As the sun climbed over Manhattan, we set out for the short trip, arriving first at a mostly empty Ellis Island. Despite much damage from the aforementioned ‘Super Storm’, Ellis Island Immigration Museum is up and running and, although many of the artefacts have been removed for temporary storage, there are informative sign boards an evocative photos to create a picture of the harrowing life of those who arrived on the US shores from 1892 to 1954.
The large hall, once the scene of queues of hopeful arrivals being screened for disease and financial well-being, echoes with those times. More poignant still is the decaying and inaccessible extension to the island where ill arrivals were quarantined, some never making it back to shore.
Those anxious arrivals who escaped the vaguely sinister coded chalk marks indicating ‘further screening necessary’ were reunited with their luggage and sent on their way, often helped to establish their new lives by local charities who are also remembered. The museum’s display ends with a survey of where the arrivals ended up – scattering west to take up jobs in industry, mining, agriculture or feeding the needs of burgeoning cities.
The experience obliquely recalled my own family’s decision to uproot and leave the UK for Australia – our somewhat pastily winterised English family were among the last to pass through a soon-to-close Migrant Reception Centre in Western Australia in the summer of February 1984.
A lone visitor, I was able to deftly manoeuvre my way through the crowd and board a departing ferry as it cast off for the Statue of Liberty. Encircling the colossal statue, we tied up at the smaller more popular Liberty Island. My ticket allowed me to proceed through the park and climb the steps inside to the top of pedestal. From here there is a spectacular view of the harbour, stretching away in skies now clear of last night’s storm, far to the giant suspension bridge which spans the Narrows forming the main entrance to New York’s sweeping harbour.
Like the city, the harbour never sleeps, even now it has handed over it’s mantle as the eastern seaboard’s major freight port to neighbouring Port Newark. In another direction, pleasure boats of sail and motor cut through the water, while among them the Staten Island service plods back and forth. Overhead, helicopters bring a different kind of tourist for a view of the monument, and everywhere airliners ply the trade once the exclusive realm of the steamship.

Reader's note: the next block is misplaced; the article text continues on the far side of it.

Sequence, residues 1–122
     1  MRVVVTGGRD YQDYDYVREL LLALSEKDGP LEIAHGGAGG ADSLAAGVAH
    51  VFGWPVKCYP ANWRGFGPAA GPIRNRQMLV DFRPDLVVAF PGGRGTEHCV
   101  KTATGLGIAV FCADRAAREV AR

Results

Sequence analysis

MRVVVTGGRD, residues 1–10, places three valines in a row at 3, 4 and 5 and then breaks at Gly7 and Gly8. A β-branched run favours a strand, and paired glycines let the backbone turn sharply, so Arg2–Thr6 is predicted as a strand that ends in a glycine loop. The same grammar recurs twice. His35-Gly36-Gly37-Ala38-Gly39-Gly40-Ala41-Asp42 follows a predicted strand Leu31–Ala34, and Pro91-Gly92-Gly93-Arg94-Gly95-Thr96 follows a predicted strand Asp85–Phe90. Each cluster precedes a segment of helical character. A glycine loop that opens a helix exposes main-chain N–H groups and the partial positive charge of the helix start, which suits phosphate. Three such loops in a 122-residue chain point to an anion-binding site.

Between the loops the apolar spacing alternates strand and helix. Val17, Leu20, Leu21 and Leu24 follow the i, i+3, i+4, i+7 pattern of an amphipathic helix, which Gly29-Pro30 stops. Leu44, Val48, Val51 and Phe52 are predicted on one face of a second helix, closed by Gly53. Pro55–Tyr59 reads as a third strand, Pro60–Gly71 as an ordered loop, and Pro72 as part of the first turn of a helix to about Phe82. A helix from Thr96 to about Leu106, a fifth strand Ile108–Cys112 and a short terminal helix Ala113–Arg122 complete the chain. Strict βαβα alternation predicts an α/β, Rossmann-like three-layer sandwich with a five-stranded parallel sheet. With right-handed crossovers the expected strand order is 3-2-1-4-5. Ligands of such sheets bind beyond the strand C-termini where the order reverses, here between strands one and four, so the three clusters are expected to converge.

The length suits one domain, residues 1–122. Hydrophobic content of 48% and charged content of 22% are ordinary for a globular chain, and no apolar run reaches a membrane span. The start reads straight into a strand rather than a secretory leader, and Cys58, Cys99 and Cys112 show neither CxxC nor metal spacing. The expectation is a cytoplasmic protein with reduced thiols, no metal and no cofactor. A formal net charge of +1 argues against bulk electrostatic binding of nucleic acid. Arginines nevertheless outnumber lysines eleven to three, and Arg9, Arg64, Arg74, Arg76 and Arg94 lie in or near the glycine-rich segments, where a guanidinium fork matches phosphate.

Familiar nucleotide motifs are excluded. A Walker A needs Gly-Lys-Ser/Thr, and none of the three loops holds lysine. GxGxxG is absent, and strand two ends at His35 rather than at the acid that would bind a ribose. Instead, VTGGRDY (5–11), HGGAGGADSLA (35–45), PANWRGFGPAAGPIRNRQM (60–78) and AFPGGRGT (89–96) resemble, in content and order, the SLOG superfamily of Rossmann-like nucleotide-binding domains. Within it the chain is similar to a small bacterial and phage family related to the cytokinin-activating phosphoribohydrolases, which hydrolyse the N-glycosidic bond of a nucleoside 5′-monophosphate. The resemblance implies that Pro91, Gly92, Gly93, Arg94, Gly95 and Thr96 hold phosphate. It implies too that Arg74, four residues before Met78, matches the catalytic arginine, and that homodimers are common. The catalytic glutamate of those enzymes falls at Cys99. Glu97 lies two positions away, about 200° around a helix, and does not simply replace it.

Down inside the pedestal there’s a comprehensive museum of the Statue and the world beneath her copper robes, a functional existence of steel struts, beams and stone pylons. A display of models and concept drawings demonstrate the evolution of ideas into the pose with which we are so familiar. The assured Monsieur Gustav Eiffel – he of the Paris Tower – contributed with a steel structure design, and labourers, craftsmen and activists took up the challenge of building and funding the project to completion.
One last circuit of the Statue, then it’s back to the boat, and a lazy voyage back to Manhattan.
Four down, one to go?
On Friday, my days here running low, I head out to Times Square. Ten minutes is all I need among the tourists, the touts and the trillion-watt billboards. I slink off, heading to midtown meet Dirk after work for a visit to Queens.
Adjoining hip Brooklyn, Queens is itself starting to feel the effects of gentrification as people recognise its own close proximity and good connections to the bright lights of Manhattan. We stop in to a barely marked ‘speakeasy’ where the lights are dim, the booths are cosy and the drinks are cold (if a tad pricey) preserving the Prohibition-era tradition of the ‘hidden’ bar.
A little further along Jackson Avenue, a modern Japanese restaurant serves up classic sashimi and beef rice bowls washed down with dry Japanese beer. We stroll back into Brooklyn over the Pulaski Bridge, as the lights atop the Empire State Building glitter away, catching the 10.30pm subway from Green Point Metro – the last train for six weeks as the line closes for post hurricane Sandy ‘Fix and Fortify’ repairs.
A pleasant evening’s excursion to Queens – that’s seven days gone this week and four out of five NYC Boroughs visited.
Wind in the Wires
On Saturday, it’s my last full day in the US of A and I decided to head out of the urban jungle. With a little trepidation, I’ve rented a car. My hesitation arises not out of a fear of driving overseas – I once drove the length of South Korea, through the night, in the pouring rain, unable to read a single street sign – but out of a morbid fear of US lawyers. Testing the contract law of a US car hire company without cast iron travel insurance in the event of an accident scares the bejesus out of me.
In the event some good solid groundwork yields an unspectacular Nissan Sentra hired from an office in Greenwich Village. We pick up the car, fortify ourselves with breakfast and coffee and then motor up the length of Manhattan along the Henry Hudson Parkway.